I have become fascinated with cannabis marketing and advertising, and I thought, “Who better to talk to than an internationally recognized marketing and advertising expert?”
So I went to my friend and colleague, Dr. Marla Stafford, a professor of marketing at UNLV and a sought-after advertising and marketing consultant, to learn more about marketing and advertising in the cannabis sector.
Stafford is also the owner of MBR Enterprises, a full-service marketing and advertising consulting firm. She has published numerous articles on advertising strategies and societal marketing issues and is a sought-after advertising and marketing consultant and keynote speaker.
Brenda Wells: What is marketing?
Marla Stafford: Marketing is understanding what your customers want and need, creating a product to meet their needs and then making it available to them. Marketing also includes advertising and market research. Research is critical to understand exactly who your customers are and what they want, while advertising is making sure the customers have the information they need to make a good decision. Ultimately, marketing is all about creating a satisfactory exchange for both the buyer and the seller.
BW: How critical is marketing to the success of a cannabis business?
MS: Marketing is extremely important. The cannabis industry is growing rapidly and becoming very competitive. Using creative, effective marketing tactics will allow you to differentiate your business. And without a marketing plan at all, your business will likely not be sustainable.
BW: What’s the difference between marketing and advertising?
MS: Advertising is just one part of marketing. Marketing includes everything that has to do with developing your product and meeting consumer needs.
You could say advertising is the communication arm of marketing. For example, creating the product itself is part of the marketing process, but it is not part of advertising. Advertising has to do with getting the information to the customer.
BW: How does marketing for cannabis differ from marketing and advertising non-regulated products?
MS: Because cannabis is illegal at the federal level and heavily regulated at the state level, marketing and advertising is very different from products that are available legally everywhere. For example, marketing and advertising cannot be done on a national level. Because of that, traditional advertising methods such as television cannot be used. All advertising and marketing for cannabis has to follow state laws, which vary greatly from state to state.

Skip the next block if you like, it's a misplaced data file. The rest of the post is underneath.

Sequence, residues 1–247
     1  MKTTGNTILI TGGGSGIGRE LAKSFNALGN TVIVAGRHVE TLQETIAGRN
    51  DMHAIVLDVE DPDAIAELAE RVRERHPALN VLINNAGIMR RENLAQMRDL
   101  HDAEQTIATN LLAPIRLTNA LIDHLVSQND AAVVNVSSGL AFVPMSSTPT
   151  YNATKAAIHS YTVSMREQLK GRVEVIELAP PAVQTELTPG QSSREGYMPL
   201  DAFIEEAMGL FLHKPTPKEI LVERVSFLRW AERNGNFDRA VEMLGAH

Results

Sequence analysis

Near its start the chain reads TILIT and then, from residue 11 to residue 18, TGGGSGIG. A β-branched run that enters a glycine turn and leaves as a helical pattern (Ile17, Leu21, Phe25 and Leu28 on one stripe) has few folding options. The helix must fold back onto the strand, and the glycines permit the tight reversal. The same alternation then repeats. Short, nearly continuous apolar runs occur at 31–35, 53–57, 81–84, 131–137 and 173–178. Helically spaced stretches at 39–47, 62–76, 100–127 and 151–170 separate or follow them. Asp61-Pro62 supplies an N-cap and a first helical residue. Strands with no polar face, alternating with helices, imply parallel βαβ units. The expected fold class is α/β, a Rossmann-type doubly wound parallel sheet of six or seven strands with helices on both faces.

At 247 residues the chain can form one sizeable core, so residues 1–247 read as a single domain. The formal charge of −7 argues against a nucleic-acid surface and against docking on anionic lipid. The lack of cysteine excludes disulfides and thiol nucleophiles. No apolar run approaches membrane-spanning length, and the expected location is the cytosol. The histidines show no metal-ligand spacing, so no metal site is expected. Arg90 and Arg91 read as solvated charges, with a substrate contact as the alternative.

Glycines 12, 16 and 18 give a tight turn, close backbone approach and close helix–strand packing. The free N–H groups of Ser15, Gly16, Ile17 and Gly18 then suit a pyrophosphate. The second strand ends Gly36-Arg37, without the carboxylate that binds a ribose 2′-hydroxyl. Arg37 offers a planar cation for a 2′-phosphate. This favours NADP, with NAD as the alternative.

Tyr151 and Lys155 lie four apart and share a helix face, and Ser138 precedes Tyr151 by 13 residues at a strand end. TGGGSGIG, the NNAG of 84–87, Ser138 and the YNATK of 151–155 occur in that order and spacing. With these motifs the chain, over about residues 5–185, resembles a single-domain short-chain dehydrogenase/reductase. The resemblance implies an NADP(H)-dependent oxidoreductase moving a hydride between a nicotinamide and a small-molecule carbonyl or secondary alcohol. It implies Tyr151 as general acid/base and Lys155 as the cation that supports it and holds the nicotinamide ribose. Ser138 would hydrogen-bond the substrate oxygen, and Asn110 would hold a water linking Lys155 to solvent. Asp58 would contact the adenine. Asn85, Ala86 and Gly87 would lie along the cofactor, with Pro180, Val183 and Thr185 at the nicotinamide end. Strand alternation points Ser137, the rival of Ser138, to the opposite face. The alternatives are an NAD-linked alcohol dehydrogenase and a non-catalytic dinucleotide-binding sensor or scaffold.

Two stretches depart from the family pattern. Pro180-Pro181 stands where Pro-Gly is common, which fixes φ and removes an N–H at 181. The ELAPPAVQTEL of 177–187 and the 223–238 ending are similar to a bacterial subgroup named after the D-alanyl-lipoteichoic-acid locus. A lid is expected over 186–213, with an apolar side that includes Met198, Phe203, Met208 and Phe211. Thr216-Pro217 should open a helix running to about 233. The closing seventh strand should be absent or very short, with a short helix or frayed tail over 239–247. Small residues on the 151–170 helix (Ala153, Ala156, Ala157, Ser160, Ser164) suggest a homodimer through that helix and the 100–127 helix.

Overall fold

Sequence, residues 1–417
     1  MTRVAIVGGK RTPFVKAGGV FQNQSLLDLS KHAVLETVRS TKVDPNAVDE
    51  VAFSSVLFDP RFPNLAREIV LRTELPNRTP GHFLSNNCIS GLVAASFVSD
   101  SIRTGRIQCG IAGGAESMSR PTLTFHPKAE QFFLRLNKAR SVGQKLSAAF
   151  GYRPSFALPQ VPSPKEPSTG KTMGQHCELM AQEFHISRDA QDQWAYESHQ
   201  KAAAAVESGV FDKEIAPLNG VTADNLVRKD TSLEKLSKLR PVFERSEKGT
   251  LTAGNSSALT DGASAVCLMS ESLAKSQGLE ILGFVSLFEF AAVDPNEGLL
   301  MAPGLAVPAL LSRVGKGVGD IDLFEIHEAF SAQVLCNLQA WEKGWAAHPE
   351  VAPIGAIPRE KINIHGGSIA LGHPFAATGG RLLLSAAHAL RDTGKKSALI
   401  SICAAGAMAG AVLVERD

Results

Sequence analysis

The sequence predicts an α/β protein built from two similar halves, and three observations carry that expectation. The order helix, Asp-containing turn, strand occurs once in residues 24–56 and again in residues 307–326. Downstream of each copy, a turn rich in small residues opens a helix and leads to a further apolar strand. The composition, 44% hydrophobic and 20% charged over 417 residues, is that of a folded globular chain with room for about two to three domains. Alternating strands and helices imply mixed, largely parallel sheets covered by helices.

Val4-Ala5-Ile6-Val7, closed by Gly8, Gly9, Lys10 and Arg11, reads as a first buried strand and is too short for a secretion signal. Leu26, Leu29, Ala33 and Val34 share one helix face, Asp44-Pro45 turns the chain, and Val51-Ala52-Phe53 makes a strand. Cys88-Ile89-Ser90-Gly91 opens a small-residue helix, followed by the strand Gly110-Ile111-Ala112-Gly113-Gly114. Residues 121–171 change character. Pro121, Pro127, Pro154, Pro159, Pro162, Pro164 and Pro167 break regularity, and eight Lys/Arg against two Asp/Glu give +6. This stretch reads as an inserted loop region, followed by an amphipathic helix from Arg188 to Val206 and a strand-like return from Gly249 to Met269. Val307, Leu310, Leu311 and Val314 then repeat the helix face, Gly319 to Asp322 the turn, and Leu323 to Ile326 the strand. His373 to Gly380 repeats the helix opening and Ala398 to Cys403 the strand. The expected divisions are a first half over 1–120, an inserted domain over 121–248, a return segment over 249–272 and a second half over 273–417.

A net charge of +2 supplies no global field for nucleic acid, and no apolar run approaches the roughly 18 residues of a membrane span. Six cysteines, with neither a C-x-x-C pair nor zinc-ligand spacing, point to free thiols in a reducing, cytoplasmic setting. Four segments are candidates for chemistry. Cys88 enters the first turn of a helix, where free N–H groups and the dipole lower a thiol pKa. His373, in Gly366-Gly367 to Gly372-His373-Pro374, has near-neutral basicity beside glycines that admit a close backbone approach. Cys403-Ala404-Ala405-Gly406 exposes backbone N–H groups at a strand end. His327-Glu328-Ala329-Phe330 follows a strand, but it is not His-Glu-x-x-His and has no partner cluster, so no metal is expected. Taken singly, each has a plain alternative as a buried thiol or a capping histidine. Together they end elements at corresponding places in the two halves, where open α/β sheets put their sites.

BW: What are the ethical considerations cannabis entrepreneurs should consider in their marketing and advertising plans?
MS: From an ethical standpoint, they need to ensure that they are not inadvertently advertising the product to anyone under 21. While that is a regulation, some advertisers try to skirt those issues to create a market with the under-21 crowd, just as the tobacco industry did with Joe Camel. And some people think that alcohol targets younger people with the product variations.
Cannabis businesses should be especially aware of and avoid the appeal to children with regards to the form of consumption — edibles, such as candy and brownies, for instance.
While it may be tempting to try to reach consumers under 21 to create brand awareness among the younger consumers, the cannabis industry must be very careful to avoid doing this. Not only is this illegal and unethical, but it can have significant consequences in the long run for the business and the entire industry.
BW: Digital marketing is extremely important for the cannabis industry today. Are there rules that apply to those channels?